Human Rights Activist News Agency (HRANA) – Authorities at Evin Prison in Tehran have denied parole to Sotoodeh Fazeli, a 66-year-old political prisoner suffering from thalassemia, cancer, and a family history scarred by merciless judicial directives.
Two of Fazeli’s sons, Peyman and Pooya, are in the Albania-based camp of the People’s Mojahedin Organization of Iran, also known as Mojahedine Khalq (MEK). When MEK was based in Iraq’s Ashraf camp, Sotoodeh attempted to visit her sons for the first time in many years, but was arrested before traveling there. “She hasn’t seen then in 18 years,” a close source told HRANA.
According to the above source, Fazeli was arrested in early 2011 by the Intelligence Ministry and spent 31 days in Evin’s Section 209 before being released on bail that spring.
According to the source, Judge Salavati tried Sotoodeh, but she was never formally sentenced. Nevertheless, on June 29, 2016, she was arrested and sent to the Evin Women’s Ward, where she learned she had been sentenced to three years in prison despite having never been convicted.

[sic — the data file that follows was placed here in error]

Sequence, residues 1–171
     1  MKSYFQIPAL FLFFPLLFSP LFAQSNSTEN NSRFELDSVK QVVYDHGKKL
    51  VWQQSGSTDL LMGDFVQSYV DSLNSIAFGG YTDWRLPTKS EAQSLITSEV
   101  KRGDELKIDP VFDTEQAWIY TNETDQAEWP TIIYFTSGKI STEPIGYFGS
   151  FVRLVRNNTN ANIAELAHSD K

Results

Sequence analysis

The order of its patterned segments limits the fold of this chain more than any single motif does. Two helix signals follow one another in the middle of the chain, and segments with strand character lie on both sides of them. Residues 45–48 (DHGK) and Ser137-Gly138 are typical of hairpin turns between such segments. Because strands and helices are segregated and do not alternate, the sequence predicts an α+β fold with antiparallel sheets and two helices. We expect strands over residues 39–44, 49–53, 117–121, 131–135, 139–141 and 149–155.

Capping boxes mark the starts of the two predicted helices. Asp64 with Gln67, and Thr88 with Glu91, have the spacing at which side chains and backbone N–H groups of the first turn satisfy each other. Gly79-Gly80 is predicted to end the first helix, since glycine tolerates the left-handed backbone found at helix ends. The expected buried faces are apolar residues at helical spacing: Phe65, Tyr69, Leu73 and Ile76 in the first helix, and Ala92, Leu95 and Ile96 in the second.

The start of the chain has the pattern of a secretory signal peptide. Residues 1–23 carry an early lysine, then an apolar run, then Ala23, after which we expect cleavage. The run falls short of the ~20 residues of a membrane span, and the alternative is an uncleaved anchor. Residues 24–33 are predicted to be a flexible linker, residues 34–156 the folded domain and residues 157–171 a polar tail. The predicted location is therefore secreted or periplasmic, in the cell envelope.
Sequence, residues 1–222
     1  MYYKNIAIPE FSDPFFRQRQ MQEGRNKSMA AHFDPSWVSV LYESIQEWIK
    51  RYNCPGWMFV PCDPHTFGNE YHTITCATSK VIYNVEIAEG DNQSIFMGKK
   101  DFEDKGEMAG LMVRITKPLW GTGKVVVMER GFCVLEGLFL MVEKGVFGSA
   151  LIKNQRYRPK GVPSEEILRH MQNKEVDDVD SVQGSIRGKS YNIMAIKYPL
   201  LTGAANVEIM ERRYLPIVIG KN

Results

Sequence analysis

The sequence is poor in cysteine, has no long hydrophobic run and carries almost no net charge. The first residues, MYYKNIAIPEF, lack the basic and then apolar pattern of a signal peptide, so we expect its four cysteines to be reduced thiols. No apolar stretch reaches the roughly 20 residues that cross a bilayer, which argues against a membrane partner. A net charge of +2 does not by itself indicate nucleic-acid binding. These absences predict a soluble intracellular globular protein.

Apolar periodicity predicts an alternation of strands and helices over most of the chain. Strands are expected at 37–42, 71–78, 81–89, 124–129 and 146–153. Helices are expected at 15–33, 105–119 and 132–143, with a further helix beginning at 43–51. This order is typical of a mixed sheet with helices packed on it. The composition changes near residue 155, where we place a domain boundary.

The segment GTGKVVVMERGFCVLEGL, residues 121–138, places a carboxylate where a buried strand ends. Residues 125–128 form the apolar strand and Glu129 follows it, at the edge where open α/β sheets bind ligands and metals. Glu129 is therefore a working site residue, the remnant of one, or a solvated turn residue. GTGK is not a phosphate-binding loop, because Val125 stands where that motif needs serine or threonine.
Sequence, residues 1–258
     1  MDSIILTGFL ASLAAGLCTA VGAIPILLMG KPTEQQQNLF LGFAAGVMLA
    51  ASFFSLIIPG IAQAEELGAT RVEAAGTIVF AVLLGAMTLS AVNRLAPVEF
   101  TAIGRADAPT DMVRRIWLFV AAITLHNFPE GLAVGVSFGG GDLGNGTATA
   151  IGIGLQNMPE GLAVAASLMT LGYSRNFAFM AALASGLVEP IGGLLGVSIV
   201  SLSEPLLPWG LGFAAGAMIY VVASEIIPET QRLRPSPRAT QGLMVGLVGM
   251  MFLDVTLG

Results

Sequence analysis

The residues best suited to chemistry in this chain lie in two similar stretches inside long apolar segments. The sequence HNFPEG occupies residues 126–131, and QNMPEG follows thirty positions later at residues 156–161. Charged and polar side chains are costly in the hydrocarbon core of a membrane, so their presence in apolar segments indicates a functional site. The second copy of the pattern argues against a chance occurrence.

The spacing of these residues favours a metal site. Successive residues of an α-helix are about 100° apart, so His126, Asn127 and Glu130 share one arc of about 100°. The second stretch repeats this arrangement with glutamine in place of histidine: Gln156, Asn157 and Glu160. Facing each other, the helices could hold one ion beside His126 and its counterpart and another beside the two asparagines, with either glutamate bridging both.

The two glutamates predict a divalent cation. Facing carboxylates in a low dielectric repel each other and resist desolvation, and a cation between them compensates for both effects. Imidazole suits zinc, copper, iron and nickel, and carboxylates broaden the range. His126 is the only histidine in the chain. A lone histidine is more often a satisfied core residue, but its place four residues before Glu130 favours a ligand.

After a brief release on furlough in July of 2017, Fazeli was returned to the prison in May 2018 despite her old age and the advancement of her disease. Her recent request for conditional release has been denied.
When Fazeli’s mother late Masoome Haj Abdolrahim Khabbaz requested a meeting with her daughter in the last days of her life, her family made great efforts to facilitate the visit. But Sootodeh’s hopes to be granted a hospital visit with her ailing mother, even for a few hours and in handcuffs, was denied by the Prosecutor’s office.
While Iranian legislation, including a ruling (or fatwa) from Iran’s Supreme Leader Ayatollah Khamenei, supports conditional release of prisoners over 55 years of age, requests from eligible detainees are often denied in practice.
Fazeli’s brother Seyed Shamseddin Fazeli was arrested in 1982 at the age of 20. His family learned of his execution when he was already dead, after he had spent three years in prison without ever being sentenced in court.
Fazeli, who is now retired, worked for 30 years as a school teacher.